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What’s up with Taylor Swift?

Sam Stryker | Wednesday, August 22, 2012


Taylor Swift, thank you for ruining my senior year.

Just when I thought our midwestern paradise of a campus was safe, the “country” star has reemerged on the quintessential Notre Dame playlist, all thanks to her new single, “We Are Never Ever Getting Back Together.”

Some things in the life of a Notre Dame student are just routine – the North Face and Sperry uniform, Football Saturdays, Finny’s on Wednesdays and dreadful weather. Well, add the latest Taylor Swift track bleating about her “unfortunate” love life being on heavy rotation to the list. It would seem whatever the latest T-Swift jam is, it gives the Notre Dame Victory March a run for its money in terms of plays on campus.

They say lightning never strikes the same place twice. Unfortunately, Taylor Swift never got the memo. Hell hath no fury like a Nashville pixie scorned, apparently.

Taylor’s new song is about – surprise – her frustration with a former flame. Never one to not beat a dead horse, this is familiar territory for Taylor – think “Back to December” or “The Story of Us,” both dealing with the difficult waters following a relationship gone awry.

For the next semester, I know I can count on hearing Taylor’s depressing lyrical story about her ex-boyfriend several times each evening. It’s not so much that I dislike the song, as it is actually quite catchy. But I know this song will be beaten to death, resurrected, and beaten to death all over again, a musical zombie courtesy of the gaggle of Swift-crazed students at this University.

I’ll give it to her, Taylor is nothing if not consistent. Unfortunately, her consistency has infected Notre Dame students, male and female alike, like a pandemic – a Black Plague of griping country-pop music, if you will.  

Listen, Taylor, we get it – life is tough when you’re tall, skinny, rich, blonde, famous and have dated a who’s-who of Hollywood hunks. Unfortunately, her message doesn’t really resonate with me, and I’m not so sure why it does with so many students here. I don’t know any fellow classmates who have encountered problems dating a Kennedy or Twilight star, all while shuffling between sellout concerts and award shows.

Even when Swift does focus on the sunny side of life, it always seems to be about boys. I mean, where would she be without “Love Story” or “Our Song”? When it comes to her music, Taylor is like a chameleon who can only alternate between two colors – always about her love life, either singing a sad or happy tune. Show some versatility, girl.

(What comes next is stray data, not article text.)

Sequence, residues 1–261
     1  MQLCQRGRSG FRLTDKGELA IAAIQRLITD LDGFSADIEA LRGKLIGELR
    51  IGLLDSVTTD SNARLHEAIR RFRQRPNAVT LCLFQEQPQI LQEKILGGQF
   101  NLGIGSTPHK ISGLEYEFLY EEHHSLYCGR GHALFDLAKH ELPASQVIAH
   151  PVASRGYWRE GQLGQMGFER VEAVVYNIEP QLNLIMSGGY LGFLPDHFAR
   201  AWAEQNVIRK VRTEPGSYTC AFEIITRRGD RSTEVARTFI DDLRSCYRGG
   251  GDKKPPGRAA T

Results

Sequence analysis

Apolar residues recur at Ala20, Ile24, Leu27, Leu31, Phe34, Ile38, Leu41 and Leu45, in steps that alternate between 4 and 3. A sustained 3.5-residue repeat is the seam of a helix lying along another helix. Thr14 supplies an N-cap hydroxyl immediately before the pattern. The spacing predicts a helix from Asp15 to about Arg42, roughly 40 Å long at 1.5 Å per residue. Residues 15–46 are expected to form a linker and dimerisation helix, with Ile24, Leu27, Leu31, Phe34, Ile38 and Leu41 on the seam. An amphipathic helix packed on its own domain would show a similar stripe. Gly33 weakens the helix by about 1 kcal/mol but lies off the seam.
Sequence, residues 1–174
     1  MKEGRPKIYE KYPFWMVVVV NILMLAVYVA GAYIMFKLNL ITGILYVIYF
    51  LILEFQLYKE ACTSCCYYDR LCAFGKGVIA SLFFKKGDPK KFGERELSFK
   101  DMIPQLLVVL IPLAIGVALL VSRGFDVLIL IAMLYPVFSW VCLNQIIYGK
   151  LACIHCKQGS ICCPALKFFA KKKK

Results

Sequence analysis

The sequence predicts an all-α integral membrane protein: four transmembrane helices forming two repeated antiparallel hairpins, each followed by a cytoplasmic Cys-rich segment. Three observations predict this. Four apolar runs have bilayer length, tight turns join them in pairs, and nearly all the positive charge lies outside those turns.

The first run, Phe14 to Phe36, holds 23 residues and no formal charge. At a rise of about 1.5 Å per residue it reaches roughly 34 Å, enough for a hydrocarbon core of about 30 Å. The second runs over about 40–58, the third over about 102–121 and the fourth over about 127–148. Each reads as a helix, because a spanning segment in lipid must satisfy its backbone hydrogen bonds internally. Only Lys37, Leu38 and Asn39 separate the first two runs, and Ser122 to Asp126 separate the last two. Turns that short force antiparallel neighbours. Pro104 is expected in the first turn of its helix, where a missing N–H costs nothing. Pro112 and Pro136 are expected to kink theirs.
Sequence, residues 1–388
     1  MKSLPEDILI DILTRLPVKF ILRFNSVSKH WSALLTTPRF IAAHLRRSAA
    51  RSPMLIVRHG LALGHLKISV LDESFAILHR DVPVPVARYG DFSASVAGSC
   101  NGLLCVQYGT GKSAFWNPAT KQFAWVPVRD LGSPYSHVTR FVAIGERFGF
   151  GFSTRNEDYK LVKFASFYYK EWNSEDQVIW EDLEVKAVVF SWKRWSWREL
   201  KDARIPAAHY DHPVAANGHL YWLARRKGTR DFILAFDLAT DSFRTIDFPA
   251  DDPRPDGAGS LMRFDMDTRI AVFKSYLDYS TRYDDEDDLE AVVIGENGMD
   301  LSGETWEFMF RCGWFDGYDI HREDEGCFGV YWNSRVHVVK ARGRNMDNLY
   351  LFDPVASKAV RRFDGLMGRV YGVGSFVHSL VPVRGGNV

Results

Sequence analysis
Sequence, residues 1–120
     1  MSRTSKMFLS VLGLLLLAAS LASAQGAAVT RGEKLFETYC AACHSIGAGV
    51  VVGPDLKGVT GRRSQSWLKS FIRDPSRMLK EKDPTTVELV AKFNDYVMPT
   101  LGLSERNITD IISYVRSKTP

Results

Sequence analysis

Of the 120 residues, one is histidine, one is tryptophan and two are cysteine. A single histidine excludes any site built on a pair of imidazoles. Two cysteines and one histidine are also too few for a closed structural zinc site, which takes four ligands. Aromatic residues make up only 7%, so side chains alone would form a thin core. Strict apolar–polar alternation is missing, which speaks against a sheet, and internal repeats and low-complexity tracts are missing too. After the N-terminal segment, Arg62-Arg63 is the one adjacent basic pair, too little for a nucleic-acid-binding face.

Taylor’s lack of lyrical creativity is frustrating on several levels. First of all, there is no denying the girl is talented. She is gorgeous and has a voice to match. It would be great if she could show some range in what she sings about – family, fun, whatever. I mean, if Rihanna can create a smash hit singing about umbrellas, I think Taylor Swift can come up with something, anything to sing about aside from her dating life. She really is holding herself back, and it’s unfortunate to watch.

But more important and slightly more troubling, Taylor is being quite the hypocrite and a bad influence to boot singing about all this dating nonsense. For someone who supposedly despises the paparazzi and has engaged in legal wrangling with the tabloids, Swift seems awfully eager to air her dirty laundry and hang her exes out to dry. 

While it may seem like her music may be therapeutic or empowering, Taylor is publicly painting the men in her life as the scoundrel and herself as the victim. Last time I checked, I haven’t heard Taylor Lautner or Joe Jonas singing about Taylor being a villainess – what gives her the right to do so to them?

Not only is that catty, but it also sets a bad example for her army of young fans, who are receiving the message over and over from Swift to fall in love, then drag their former Prince Charming through the mud once he has served his purpose. This is not quite the message we want from America’s sweetheart. 

So Taylor, I just wanted to formally thank you. Just when I thought it was safe to go out at night, your new song came out. If it’s a love story, you probably should just have said no.


Contact Sam Stryker at sstryke1@nd.edu

The views in this column are those of the author and not necessarily those of the Observer.